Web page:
AUSTIN — Hillary Clinton came out swinging half way through a televised Texas showdown with rival Barack Obama, accusing him of stealing material for his speeches and promoting a supposedly "universal" health care plan that will leave 15 million Americans without coverage.
"If your candidacy is going to be about words, then they should be your words,'' Clinton said, repeating allegations that he stole lines from Massachusetts Gov. Deval Patrick. "Lifting whole passages from someone else's speeches is not change you can believe in. It's change you can Xerox.'' That remark drew boos from the crowd.
Obama has acknowledged using some of Patrick's language, but noted that the Democrat is co-chairman of his campaign and had suggested that he use the language. He called the criticism "silly.''
As for her attack on his health care plan, Obama shot back at Clinton over her botched attempt in the 1990s, as first lady, to overhaul the health-care system. He said she failed in part because she "went behind closed doors" instead of opening up the policy debate.
"The notion that somehow I'm interested in leaving 15 million people without health insurance is simply not true,'' he said. However, independent health analysts have said that his approach would be likely to result in about that many people failing to obtain insurance.
Their clashes came mid-way through the debate. Until then it appeared the two might stage a 90 minute love-fest, emphasizing how much they agree with each other on most everything. CNN political correspondent John King expressed astonishment at their "polite, substantive discourse,'' saying it belied their rivalry on the campaign trail.
Clinton went for the emotional jugular in her closing statement, saying the "hits I've taken in life are nothing compared to what goes on every single day in the lives of people across our country.
"I resolved at a very young age that I'd been blessed and that I was called by my faith and by my upbringing to do what I could to give others the same opportunities and blessings that I took for granted,'' she said. "That's what gets me up in the morning. That's what motivates me in this campaign."
Earlier, the two candidates dueled on the U.S. relationship with Cuba. Obama promised to meet without preconditions with acting Cuban President Raul Castro, widely expected to take over from his brother Fidel, who recently announced he was stepping down after 49 years in power.
"I would meet without preconditions, although Senator Clinton is right that there has to be preparation,'' he said. " It is very important for us to make sure that there was an agenda, and on that agenda was human rights, releasing of political prisoners, opening up the press. And that preparation might take some time."
He said he would take steps, starting with loosening remittances of money from family members to their Cuban relatives and relaxed travel restrictions, and hope they led toward eventual normalization of relations.
Clinton said she would meet with Raul Castro only once certain conditions are met.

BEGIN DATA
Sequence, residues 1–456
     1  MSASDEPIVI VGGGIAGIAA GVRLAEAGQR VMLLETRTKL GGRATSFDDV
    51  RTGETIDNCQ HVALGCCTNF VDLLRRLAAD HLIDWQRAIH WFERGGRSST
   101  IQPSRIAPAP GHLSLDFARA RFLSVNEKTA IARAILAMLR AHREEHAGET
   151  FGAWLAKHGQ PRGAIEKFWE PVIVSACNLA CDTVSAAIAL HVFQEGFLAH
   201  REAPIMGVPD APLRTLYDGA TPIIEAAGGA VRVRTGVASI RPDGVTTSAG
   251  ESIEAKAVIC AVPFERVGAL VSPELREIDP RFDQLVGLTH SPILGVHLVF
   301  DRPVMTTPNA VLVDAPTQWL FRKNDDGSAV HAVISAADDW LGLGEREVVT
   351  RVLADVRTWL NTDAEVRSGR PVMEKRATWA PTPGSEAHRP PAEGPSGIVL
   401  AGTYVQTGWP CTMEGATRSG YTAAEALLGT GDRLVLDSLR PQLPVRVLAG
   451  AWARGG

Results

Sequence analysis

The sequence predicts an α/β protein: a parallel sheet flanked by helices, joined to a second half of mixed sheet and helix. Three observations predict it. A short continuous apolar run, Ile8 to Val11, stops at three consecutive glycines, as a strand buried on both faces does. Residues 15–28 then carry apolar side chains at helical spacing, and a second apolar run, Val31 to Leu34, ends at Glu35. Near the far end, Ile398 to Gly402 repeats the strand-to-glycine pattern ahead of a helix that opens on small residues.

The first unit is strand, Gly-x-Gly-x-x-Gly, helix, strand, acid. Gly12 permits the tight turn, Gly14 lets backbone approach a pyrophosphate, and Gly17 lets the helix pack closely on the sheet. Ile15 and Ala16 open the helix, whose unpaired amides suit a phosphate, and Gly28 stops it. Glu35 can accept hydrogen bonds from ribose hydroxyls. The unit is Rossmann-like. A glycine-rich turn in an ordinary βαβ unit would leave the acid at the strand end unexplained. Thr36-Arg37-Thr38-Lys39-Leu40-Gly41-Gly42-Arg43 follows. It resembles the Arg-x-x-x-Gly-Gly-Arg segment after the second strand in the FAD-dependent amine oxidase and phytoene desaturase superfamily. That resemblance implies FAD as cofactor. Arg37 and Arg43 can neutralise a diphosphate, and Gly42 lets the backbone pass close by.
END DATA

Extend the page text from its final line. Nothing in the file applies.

"I would not meet with him until there was evidence that change was happening, because I think it's important that they demonstrate clearly that they are committed to change the direction,'' Clinton said. "Then I think, you know, something like diplomatic encounters and negotiations over specifics could take place."
Clinton sidestepped whether she believes Obama is not qualified to be commander in chief, as she has suggested in stump speeches, and instead defended her own credentials. Obama said simply: "I wouldn't be running if I didn't think I was ready to be commander in chief."
He also took a dig at Clinton for voting to authorize the Iraq war:
"On the war in Iraq, I believe I showed the judgment to be commander in chief,'' he said. "I think Sen. Clinton was wrong in her judgments ... It has diverted attention from Afghanistan.''
Clinton's turn toward an aggressive tone in her 19th televised debate was no surprise. After losing ten states in a row to Obama, she badly needs a momentum shift.
The live CNN-Univision debate was held before a sold-out crowd packed into a gym on the University of Texas campus. Texas holds a primary on March 4.
On most major issues, the two candidates agreed, and they unloaded on the Bush administration's tax policies and his effort to build a massive fence on the U.S.-Mexico border -- highly unpopular in South Texas.
Both senators voted for the 2006 Secure Fence Act but say the way it's being implemented has been flawed.
Clinton said plans to place the fence on a college campus in the border town of Brownsville illustrated "the kind of absurdity that we're getting from this administration.''
"The Bush administration has gone off the deep end,'' she said. She said a physical barrier might be appropriate in some areas, but she prefers to use high-technology and more border guards to a fence.
Obama said that he and Clinton "almost entirely agree'' on the issue. They also expressed support for immigration reform that lets undocumented workers here now eventually get U.S. citizenship, and said the next White House needs to build better ties with Mexico.
"President Bush has dropped the ball (because) he was so obsessed with Iraq," Obama said.
The high stakes debate in Austin, a liberal enclave in otherwise conservative Texas, drew tremendous interest from political activists and curiosity seekers. The Texas Democratic Party received more than 43,000 requests for a mere 100 tickets that were given away in a drawing.
With 228 Democratic delegates, the largest single cache left, Texas has become a major battleground, and, like the March 4 election in Ohio, it is a must-win contest for Clinton.
(Root and Moritz report for the Ft. Worth Star-Telegram. R.A. Dyer contributed to this report.)